Employment application advice

Karl Denninger points out how it is possible to take advantage of the legal maze that surrounds the modern corporate employment:

So here’s the deal folks: While I can’t ask you about your health status nor if you have dependents, nothing prohibits you from putting that information on your resume if it is to your advantage – and it is, if you are in excellent health and have no dependents.

Will this matter?

In this economy you better believe it. This has been true forever, but it has become even more true with the passage of Obama’s “Health Care” law. So if you’re unemployed and have these cost-impacting facts in your favor, make damn sure you list them.

An employer cannot ask about this, nor can you realistically discuss this in an interview, but absolutely nothing prohibits you from listing this as a “personal attribute” on your resume. If nothing else, in a tie-breaking circumstance it will get you the interview you need to have a shot at the job.

Never forget that no matter what bizarre obstacles are placed in your way by the bureaucrats of the world, you can usually figure out a way of bypassing them. But this usually requires first taking the time to understand the nature of the obstacle and what it was originally designed to prevent.

On a related note, CS, who is in the military and has an engineering degree, wishes to poll the hivemind.

I decided that the prudent course of action would be to learn some marketable skill and start working on independent income sources before separating from the military (which I can’t do as yet because of contractual obligations). My ambition is to be self employed and make a good income that depends on the quality of product I create (versus, for instance, the current situation: a salary that depends upon the number of hours I physically exist in a particular space per week).

The trouble is that I need a skill I considered writing, which I enjoy, but there doesn’t seem to be good money in it. Investment sounds attractive, but far too risky. These are things that I would like to do in addition to a primary occupation. Upon reflection, I remembered that I had a ball in my high school and college “intro to computer programming” classes years ago. I realized that expertise in programming could have many advantages:

1) It results in products of genuine value.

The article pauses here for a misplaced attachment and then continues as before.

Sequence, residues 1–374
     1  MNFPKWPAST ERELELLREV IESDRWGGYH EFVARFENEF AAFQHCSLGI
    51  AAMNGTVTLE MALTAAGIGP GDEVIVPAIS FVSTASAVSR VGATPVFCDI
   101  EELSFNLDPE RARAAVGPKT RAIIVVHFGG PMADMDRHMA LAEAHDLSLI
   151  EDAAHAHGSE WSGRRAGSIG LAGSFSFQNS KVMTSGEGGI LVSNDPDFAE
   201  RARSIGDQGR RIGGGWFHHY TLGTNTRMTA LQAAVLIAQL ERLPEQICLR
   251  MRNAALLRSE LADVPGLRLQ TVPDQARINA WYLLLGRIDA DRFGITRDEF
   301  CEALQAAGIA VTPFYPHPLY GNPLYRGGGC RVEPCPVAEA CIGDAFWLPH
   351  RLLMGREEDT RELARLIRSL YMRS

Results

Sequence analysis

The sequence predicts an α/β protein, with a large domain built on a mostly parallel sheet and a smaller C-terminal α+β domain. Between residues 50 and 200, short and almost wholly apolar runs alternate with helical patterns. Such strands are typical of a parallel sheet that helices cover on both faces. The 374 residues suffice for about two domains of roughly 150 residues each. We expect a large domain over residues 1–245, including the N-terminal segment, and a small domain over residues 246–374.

2) In our inreasingly computerized world, good programs and programmers should remain in demand.
3) The product is information, possibly meaning greater versatility in creation, marketting, and distribution above physical products. In theory, this could allow the smart programmer to have a very high degree of control over his own time and effort.
4) If it’s at all like my high school and college experiences, it’s challenging and rewarding.
5) One knowledgeable about computers is at a distinct advantage in the modern world.

6) I’m guessing it ingraines a habit of thinking things through thoroughly and logically. Whch brings me to my request. I would very much appreciate answers to these questions:

1) Is it worth it to try? (please note that I don’t want to be a dabbler; if this i to be a source of income, then I want to be an expert)
2) What practical advice can you offer on gaining expertise as quickly as possible? For instance, what books and programs should I have? What type of computer do I need? Should I take a college course? Are there any people or organizations I ought to contact? Remember that I am at present almost completely ignorant about computers, so I have to start at the most basic level.
3) What are the best ways to make money as a programmer? I’m especially interested in those that would allow me to be self-employed.
4) What blogs, websites, publications, and other sources should I be familiar with?
5) What are the pitfalls to be avoided?

Have at them. Note that he’s smart enough to avoid wasting his time with writing and investment, although I’m not sure about assumptions 2 and 5. It seems to me that trades such as plumbing and electricity are probably a safer bet in the present circumstances, but I don’t know much about the present demand for those services.

Another RGD error

GL spots a problem on page 70:

“The unemployment rate is the third major statistic that is considered to be fundamentally unreliable, and like the previous two it is closely watched by politicians, economists, and Wall Street. Like GDP and CPI, it is an estimate, though it is theoretically a little less difficult to estimate due to the obvious fact that there are far more economic actions and goods being sold than there are people in a national economy, so the challenge of figuring out how many of those people are working is somewhat reduced. This does not mean that it is difficult, though, since the definition of employment can vary greatly from one individual to the next.”

The last sentence should read: “This does not mean that it is not difficult….” I appreciate the correction. Those inclined to a critical perspective should feel free to commence arguing how this proves that every economic prediction in the book is false, Keynes and Friedman were both correct, Ben Bernanke saved Western civilization, now is the right time to invest in equities, and the global economy has recovered.